In any kind of relationship, it takes – at times – being the bigger person and allowing the person to have their way, but if you aren’t very self-aware or only see things from your point of view, it can be hard to form a close, intimate relationship with someone else.
Emotional immaturity is usually why some people are just difficult to be friends with and explains why some friendships have so much of volatility and drama within them.
#6 Inability to deal with conflict
In many friendships/relationships, conflict is normal. You have two or more people trying to lead a life together, trying to get along and spend time together, people from completely different backgrounds. Conflict will happen.
The thing that differentiates great friendships that are rare, from other friendships is that when two people treasure their dynamic and want the best for the other, they will work together to overcome it. It takes alot of maturity though (see point 5) and just wanting things to work. But people tend to be bad at managing conflict, we were never taught!
Many friendships die that way.
#7 Inability to communicate
The biggest culprit about so many things that go wrong in friendships. Honestly what is communication? Communication isn’t just talking, or sending pictures of your day or texting or having superficial conversations about what you had for breakfast. Though all those are also a part of communication – a very small part.
Communication is about rapport, trust, respect, care, love. For instance, would you swear or use vulgarities on someone you love/respect/care about? Probably not.
Would you ghost or cut off someone with no explanation (barring certain situations) and leave them wondering what on earth happened? Most likely not. So in order to have better friends/friendships, communication really is key.
How to Handle the Situation
There are some ways in which you could handle each type of situation, these are just some ideas and aren’t exhaustive:
- Ghosting: If a friend ghosts you, it’s okay to reach out once to see if everything is okay. However, if they continue to ignore you, it’s best to move on. Keeping on trying to interact with someone who is not responding is usually not worth the time or energy, no matter how much history you had together.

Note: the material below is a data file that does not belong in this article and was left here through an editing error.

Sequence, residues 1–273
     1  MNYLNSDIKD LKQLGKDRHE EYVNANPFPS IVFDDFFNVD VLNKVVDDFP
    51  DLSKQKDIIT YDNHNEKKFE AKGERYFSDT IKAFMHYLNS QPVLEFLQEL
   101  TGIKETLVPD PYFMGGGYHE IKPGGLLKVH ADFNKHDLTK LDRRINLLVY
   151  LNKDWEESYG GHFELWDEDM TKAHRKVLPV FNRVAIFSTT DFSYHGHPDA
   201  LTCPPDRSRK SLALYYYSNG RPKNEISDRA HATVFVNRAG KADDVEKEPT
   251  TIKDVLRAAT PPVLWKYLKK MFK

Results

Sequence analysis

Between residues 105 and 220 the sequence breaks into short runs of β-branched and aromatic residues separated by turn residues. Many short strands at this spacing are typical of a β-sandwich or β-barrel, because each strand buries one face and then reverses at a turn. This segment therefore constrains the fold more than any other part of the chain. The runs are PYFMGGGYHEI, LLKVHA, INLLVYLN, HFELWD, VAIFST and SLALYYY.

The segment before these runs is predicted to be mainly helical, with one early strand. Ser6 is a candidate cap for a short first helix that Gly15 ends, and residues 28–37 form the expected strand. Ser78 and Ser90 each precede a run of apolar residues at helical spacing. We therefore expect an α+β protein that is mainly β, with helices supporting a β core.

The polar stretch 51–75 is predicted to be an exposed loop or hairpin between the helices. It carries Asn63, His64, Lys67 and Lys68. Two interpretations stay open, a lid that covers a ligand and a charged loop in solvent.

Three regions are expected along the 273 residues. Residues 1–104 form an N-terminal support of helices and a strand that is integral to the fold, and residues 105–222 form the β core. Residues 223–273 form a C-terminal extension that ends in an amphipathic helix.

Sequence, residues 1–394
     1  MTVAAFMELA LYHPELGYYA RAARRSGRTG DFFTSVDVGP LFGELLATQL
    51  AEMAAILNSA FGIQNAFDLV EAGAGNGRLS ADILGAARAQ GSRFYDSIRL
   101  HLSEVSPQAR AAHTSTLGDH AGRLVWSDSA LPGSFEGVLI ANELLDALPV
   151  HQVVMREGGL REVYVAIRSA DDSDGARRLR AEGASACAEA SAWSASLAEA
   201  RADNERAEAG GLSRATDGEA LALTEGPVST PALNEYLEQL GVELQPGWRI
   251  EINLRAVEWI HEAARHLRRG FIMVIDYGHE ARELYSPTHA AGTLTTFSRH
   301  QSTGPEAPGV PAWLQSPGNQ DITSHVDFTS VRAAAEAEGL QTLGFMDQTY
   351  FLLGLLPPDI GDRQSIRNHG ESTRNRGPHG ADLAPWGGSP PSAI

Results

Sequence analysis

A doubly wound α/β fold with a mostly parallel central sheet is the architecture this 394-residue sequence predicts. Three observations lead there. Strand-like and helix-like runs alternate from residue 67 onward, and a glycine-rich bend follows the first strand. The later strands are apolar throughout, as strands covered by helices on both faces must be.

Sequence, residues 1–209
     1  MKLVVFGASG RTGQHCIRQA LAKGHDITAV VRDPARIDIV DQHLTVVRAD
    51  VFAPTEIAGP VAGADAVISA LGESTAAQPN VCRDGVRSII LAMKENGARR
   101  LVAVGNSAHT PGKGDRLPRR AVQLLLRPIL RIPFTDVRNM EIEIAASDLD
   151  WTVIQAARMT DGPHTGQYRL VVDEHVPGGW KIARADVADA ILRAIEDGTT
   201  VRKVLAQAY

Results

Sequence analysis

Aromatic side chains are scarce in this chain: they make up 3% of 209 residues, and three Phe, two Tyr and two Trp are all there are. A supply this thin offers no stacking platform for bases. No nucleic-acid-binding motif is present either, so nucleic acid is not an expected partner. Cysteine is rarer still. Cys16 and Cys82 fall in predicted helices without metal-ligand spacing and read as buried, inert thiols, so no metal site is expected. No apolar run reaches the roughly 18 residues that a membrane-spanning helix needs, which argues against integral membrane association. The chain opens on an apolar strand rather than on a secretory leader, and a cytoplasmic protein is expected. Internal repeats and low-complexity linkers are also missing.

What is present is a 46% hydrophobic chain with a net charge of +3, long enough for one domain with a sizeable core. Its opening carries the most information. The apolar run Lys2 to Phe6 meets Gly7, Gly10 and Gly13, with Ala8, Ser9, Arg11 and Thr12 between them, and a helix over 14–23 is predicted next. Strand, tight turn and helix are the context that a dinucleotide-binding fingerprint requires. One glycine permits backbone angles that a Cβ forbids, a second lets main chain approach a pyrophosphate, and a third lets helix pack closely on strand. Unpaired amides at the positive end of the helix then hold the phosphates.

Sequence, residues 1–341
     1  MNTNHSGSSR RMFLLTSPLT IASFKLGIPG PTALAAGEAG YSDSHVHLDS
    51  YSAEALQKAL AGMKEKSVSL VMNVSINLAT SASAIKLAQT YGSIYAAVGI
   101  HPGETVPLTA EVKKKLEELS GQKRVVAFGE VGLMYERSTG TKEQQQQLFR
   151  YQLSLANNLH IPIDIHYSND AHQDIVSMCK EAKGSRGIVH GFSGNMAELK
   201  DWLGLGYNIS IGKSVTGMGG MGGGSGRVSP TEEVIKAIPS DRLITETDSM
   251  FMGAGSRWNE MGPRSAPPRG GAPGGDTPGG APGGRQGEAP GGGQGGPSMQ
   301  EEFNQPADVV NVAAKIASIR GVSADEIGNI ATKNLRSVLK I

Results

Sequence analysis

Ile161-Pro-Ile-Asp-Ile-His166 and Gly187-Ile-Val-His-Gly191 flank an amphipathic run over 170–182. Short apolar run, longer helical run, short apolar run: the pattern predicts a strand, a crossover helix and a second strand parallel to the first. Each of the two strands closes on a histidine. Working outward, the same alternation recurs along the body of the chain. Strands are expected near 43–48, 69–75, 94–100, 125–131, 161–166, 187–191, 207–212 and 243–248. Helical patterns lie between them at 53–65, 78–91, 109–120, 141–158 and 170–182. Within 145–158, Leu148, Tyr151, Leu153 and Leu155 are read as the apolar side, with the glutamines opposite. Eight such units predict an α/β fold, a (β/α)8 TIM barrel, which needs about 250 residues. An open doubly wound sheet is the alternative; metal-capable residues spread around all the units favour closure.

- Conflicts: If you have a conflict with a friend, try to communicate openly and honestly. Listen to their perspective and try to find common ground. If communication is impossible, it might be time to take a break from the friendship.
- Cutting you off: If a friend cuts you off for no apparent reason, it can be difficult to know what to do. Try to reach out once to see if they’re willing to talk. If not, give them space and focus on your other relationships.
Focusing on the self
The above is my Re.Live Model for attracting better friends and is something that I use with many clients and even with friends.
What is the common denominator for all our friendships? Us. You.
So if you are seeing certain patterns turn up in your friendships, it’s a sign that the issue could lie with you. This is something that many people find difficult to swallow at times, but when you are showing up in friendships – unsure of what you are looking for in a friend, unsure of your values, kicking up a fuss when something doesn’t go your way – in a certain way, then friendships will always be an area of turmoil for you.
Much of the time, it has something to do with the way we go about looking for friends and who we allow into our life as friends. Many of us don’t actually vet our friends – for common values, friendship goals, expectations and so on, we are too focused on having a good time. You can have a good time with anybody but long-term friendships with genuine love, care, respect and trust are hard to come by, and hard to replace.
But everything begins with the Self. If you know yourself well, you will instinctively know who feels like a friend and who doesn’t.
Understanding that friendships have seasons
It can be hard to grasp at times, but the majority of the friendships we have won’t last til our later years. Things happen, life happens, people change.
It’s okay – each friendship big or small, beautiful or less so leaves an imprint in our lives and teaches us something about people, shapes who we are. So, hold each friendship gently, as if it were a butterfly. Enjoy the times that you share together, have as much fun as you can, be as vulnerable as you can.
If it leaves, let it go. If it stays, treasure it.